On May 21st, Missouri is scheduled to carry out the first execution since the horrific botched execution of Clayton Lockett.
What’s worse: there’s a high probability that Russell Bucklew’s execution will be just as horrifying as Clayton Lockett’s.
Back when I served as a death row attorney, I experienced first hand that the death penalty is anything but just. I was there at the trial of Bill Andrews when a note reading ‘Hang the N*****’ was found in the jury’s lunchroom. I saw people die by lethal injection and the electric chair who I believed were innocent.
But victories like today’s remind me that the tide is turning for the death penalty in America.
Today, we came one step closer to a significant victory when the New Hampshire House voted to repeal capital punishment in the state.
This post originally appeared in the Huffington Post under the title, “The Death Penalty Is The Tip of an Iceberg of Injustice.”
For much of my working, adult life, I have been witness to the consequences of our country’s addiction to the death penalty, and to the damage it does even as we loosen its grip.
This week, we at Amnesty International USA and anti-death penalty activists around the country hope to witness a moment we will one day say was another important step towards our collective recovery.
Wednesday, March 12, the New Hampshire House of Representatives will vote on a bill that, when signed into law, would end the death penalty in the state. Thirty-two states throughout this country have yet to rid themselves of a punishment that is not just cruel, unfair and expensive, but is tainted with human error.
Amnesty International USA is bringing our membership to Chicago for our 2014 Human Rights Conference. This year, we’re talking about how we must forge change at home in order to have an impact globally.
And today, we are proud to announce that Glenn Greenwald will join the conference via video link from Brazil for a discussion about the U.S. government’s use of mass surveillance. Glenn will also discuss the federal government’s persecution of whistleblowers who seek to tell the truth about human rights violations.
Hey super activist.
You’ve defended dignity, spoken out against injustice, and probably even helped save a life by taking action with Amnesty.
Here’s what’s next: Amnesty’s Human Rights Conference & Annual General Meeting in Chicago April 4-6.
In just a few weeks, we will unite in Chicago to fire up this movement and tackle some of the biggest human rights challenges of our time.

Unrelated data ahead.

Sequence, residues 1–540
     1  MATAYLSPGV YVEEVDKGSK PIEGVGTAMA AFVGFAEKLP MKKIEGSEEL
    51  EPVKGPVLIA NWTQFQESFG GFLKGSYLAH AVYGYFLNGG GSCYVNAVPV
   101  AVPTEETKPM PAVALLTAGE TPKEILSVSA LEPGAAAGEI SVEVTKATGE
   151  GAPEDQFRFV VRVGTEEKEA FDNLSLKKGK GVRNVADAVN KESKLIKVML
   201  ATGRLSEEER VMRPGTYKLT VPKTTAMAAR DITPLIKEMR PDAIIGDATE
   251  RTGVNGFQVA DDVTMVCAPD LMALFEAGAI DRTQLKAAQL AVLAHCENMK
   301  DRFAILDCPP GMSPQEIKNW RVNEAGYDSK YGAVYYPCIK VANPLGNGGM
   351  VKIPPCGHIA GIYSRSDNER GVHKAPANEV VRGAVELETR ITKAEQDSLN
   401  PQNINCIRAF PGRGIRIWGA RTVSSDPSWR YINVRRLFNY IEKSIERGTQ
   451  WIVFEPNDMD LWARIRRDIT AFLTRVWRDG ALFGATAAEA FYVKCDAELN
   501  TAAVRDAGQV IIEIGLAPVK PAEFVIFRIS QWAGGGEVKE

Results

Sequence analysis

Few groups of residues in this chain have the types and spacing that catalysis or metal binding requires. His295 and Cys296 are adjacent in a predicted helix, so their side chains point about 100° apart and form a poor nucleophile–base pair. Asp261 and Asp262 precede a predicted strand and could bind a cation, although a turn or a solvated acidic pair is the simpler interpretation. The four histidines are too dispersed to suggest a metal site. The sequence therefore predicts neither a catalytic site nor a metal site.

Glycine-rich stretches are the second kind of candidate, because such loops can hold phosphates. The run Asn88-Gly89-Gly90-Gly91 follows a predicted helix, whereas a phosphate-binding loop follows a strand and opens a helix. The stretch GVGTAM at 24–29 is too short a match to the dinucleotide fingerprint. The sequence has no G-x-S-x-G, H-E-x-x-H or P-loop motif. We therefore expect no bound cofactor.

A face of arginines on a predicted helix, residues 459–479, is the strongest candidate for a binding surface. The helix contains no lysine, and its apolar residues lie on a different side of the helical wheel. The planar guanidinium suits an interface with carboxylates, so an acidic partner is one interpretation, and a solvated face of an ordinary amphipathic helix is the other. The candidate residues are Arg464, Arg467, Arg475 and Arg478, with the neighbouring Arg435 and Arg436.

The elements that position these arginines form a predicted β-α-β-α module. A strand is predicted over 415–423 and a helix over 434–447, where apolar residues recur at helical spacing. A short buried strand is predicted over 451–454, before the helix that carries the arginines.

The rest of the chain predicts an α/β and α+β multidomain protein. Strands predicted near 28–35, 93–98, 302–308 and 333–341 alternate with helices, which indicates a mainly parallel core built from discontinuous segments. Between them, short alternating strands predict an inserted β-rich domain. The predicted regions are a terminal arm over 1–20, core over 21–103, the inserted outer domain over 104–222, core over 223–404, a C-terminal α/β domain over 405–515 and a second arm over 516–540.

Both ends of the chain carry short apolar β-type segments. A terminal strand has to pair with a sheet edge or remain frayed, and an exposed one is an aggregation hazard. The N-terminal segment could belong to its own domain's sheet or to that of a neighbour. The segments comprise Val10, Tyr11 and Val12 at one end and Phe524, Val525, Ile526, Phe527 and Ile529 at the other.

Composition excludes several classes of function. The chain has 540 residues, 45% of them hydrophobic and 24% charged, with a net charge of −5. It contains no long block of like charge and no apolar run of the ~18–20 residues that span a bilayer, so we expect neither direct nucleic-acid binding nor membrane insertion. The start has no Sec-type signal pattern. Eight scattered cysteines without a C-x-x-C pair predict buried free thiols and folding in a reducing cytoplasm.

Sarah Hager, Chair of the Southern Africa Co-Group, contributed to this post.
A few hours ago, the world learned of the passing of Nelson Mandela. There are few people in the world who inspired so much reverence and devotion. Through all he did to advance human rights issues, Mandela became a living symbol of love and forgiveness, perseverance and redemption.
Mandela’s courage helped change our entire world. His life of political struggle and self-sacrifice became, and remains, an example to millions around the globe. His name is now synonymous with the struggle of people everywhere for freedom, equality and justice and is a reminder that we must stay determined to confront injustice.
As I write this, Amnesty International activists across the U.S. are preparing to come together for Regional Conferences. They are crafting booths for Ideas Fairs, writing curricula for workshops on effective advocacy, researching complex human rights issues around the globe. They are organizing their communities to come together and build a movement.
At Amnesty, I am continually struck by the Power of Us – the theme of this year’s Regional Conferences. Everywhere I look, Amnesty activists are building a larger and stronger “us” with even more grassroots power.
After decades of public activism and hard-fought legal battles, Herman Wallace has been released from prison. Federal District Court Judge Brian Jackson overturned the “Angola 3” member’s conviction yesterday morning and ordered the State to immediately release Herman from custody.
Judge Jackson issued an order granting Herman full habeas relief based on systematic exclusion of women from the jury in violation of the 14th Amendment. No application for bail is required and the State has 30 days to notify Herman if they plan to re-indict him.
The State of Louisiana scrambled to stay Judge Jackson’s ruling and keep Herman behind bars. Judge Jackson denied the stay, however, reportedly refusing to leave his quarters until Herman was released. Just before 9 p.m. on October 1, 2013, Herman was driven away from Elayn Hunt Correctional Center in an ambulance, a free man.
I grew up in the shadow of Sing Sing prison in Ossining, New York. As a boy, I would walk by Sing Sing and hear the inmates talking, a stark and sobering reminder of the dashed dreams of the many men I knew growing up who ended up impoverished, incarcerated or killed. Young men like my childhood best friend, who is currently serving a life sentence.
For many activists who join the struggle for human rights, there is a transformative moment, which inspires a lifelong commitment to social advocacy. For me, that moment came inside the walls of Sing Sing prison.